Gerges SH, Wahdan SA, Elsherbiny DA, El-Demerdash E (2020) Diosmin ameliorates inflammation, insulin resistance, and fibrosis in an experimental model of non-alcoholic steatohepatitis in rats. Toxicol Appl Pharmacol 401:115101. https://doi.org/10.1016/j.taap.2020.115101
Ginige MP, Kaksonen AH, Morris C, Shackelton M, Patterson BM (2013) Bacterial community and groundwater quality changes in an anaerobic aquifer during groundwater recharge with aerobic recycled water. FEMS Microbiol Ecol 85(3):553–567
Henkel J, Coleman CD, Schraplau A, Jöhrens K, Weiss TS, Jonas W, Schürmann A, Püschel GP (2018) Augmented liver inflammation in a microsomal prostaglandin E synthase 1 (mPGES-1)-deficient diet-induced mouse NASH model. Sci Rep 8(1):16127. https://doi.org/10.1038/s41598-018-34633-y
Hrncir T (2022) Gut microbiota dysbiosis: triggers, Consequences, Diagnostic and Therapeutic Options, vol 10. MDPI, Microorganisms, p 578
Huijsdens XW, Linskens RK, Mak M, Meuwissen SG, Vandenbroucke-Grauls CM, Savelkoul PH (2002) Quantification of bacteria adherent to gastrointestinal mucosa by real-time PCR. J Clin Microbiol 40(12):4423–4427
Ishak K, Baptista A, Bianchi L, Callea F, De Groote J, Gudat F, Denk H, Desmet V, Korb G, MacSween RN, Phillips MJ, Portman BG, Poulsen H, Schever PJ, Schmid M, a HT (1995) Histological grading and staging of chronic hepatitis. J Hepatol 22(6):696–699. https://doi.org/10.1016/0168-8278(95)80226-6
Iulia C, Ruxandra T, Costin L-B, Liliana-Mary V (2017) Citicoline–a neuroprotector with proven effects on glaucomatous disease. Rom J Ophthalmol 61(3):152
Jennison E, Byrne CD (2021) The role of the gut microbiome and diet in the pathogenesis of non-alcoholic fatty liver disease. Clin Mol Hepatol 27(1):22
Jiang X, Zheng J, Zhang S, Wang B, Wu C, Guo X (2020) Advances in the involvement of Gut Microbiota in Pathophysiology of NAFLD. Front Med 7:361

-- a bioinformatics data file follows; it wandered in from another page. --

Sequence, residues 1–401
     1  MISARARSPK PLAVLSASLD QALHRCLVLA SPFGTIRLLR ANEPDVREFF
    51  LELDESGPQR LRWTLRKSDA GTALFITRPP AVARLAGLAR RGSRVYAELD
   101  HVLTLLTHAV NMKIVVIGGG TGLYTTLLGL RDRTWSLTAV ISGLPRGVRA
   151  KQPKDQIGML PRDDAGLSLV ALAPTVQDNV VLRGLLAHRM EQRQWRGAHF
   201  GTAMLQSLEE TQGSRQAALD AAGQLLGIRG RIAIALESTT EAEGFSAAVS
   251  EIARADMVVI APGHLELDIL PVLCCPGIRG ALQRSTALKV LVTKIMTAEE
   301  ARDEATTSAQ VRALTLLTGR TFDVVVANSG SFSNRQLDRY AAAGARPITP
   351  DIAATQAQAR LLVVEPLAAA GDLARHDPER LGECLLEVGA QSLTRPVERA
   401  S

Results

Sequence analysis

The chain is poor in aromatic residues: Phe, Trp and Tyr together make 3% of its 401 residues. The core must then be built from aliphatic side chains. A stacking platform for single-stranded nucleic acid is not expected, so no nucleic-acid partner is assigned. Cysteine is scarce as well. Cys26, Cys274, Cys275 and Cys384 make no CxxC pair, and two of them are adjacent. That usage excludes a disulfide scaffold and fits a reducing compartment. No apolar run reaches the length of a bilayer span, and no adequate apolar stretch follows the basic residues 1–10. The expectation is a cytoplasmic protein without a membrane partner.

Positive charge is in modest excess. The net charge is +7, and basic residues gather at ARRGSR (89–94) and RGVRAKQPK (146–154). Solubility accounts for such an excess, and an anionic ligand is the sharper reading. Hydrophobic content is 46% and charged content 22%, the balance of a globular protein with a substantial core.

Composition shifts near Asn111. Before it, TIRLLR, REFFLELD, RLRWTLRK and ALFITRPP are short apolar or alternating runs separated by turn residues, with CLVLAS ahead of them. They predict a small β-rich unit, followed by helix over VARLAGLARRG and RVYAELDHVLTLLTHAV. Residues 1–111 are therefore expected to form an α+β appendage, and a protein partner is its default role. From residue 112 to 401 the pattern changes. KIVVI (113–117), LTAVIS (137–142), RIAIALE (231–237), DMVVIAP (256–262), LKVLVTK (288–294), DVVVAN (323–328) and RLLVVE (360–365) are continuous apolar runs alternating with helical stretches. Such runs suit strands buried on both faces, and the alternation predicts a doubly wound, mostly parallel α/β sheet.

Ji Y, Yin Y, Sun L, Zhang W (2020) The molecular and mechanistic insights based on gut–liver axis: nutritional target for non-alcoholic fatty liver disease (NAFLD) improvement. Int J Mol Sci 21(9):3066
Kanmani P, Kim H (2022) Probiotics counteract the expression of hepatic profibrotic genes via the attenuation of TGF-β/SMAD signaling and autophagy in hepatic stellate cells. PLoS ONE 17(1):e0262767
Killgore WDS, Ross AJ, Kamiya T, Kawada Y, Renshaw PF, Yurgelun-Todd DA (2010) Citicoline affects appetite and cortico-limbic responses to images of high-calorie foods. Int J Eat Disord 43(1):6–13. https://doi.org/10.1002/eat.20658
Kim MJ, Hwang KH, Lee Y-S, Park J-Y, Kook J-K (2011) Development of Prevotella intermedia-specific PCR primers based on the nucleotide sequences of a DNA probe Pig27. J Microbiol Methods 84(3):394–397
Kobyliak N, Abenavoli L, Mykhalchyshyn G, Kononenko L, Boccuto L, Kyriienko D, Dynnyk O (2018) A multi-strain probiotic reduces the fatty liver index, cytokines and aminotransferase levels in NAFLD patients: evidence from a randomized clinical trial. J Gastrointestin Liver Dis
Koracevic D, Koracevic G, Djordjevic V, Andrejevic S, Cosic V (2001) Method for the measurement of antioxidant activity in human fluids. J Clin Pathol 54(5):356–361. https://doi.org/10.1136/jcp.54.5.356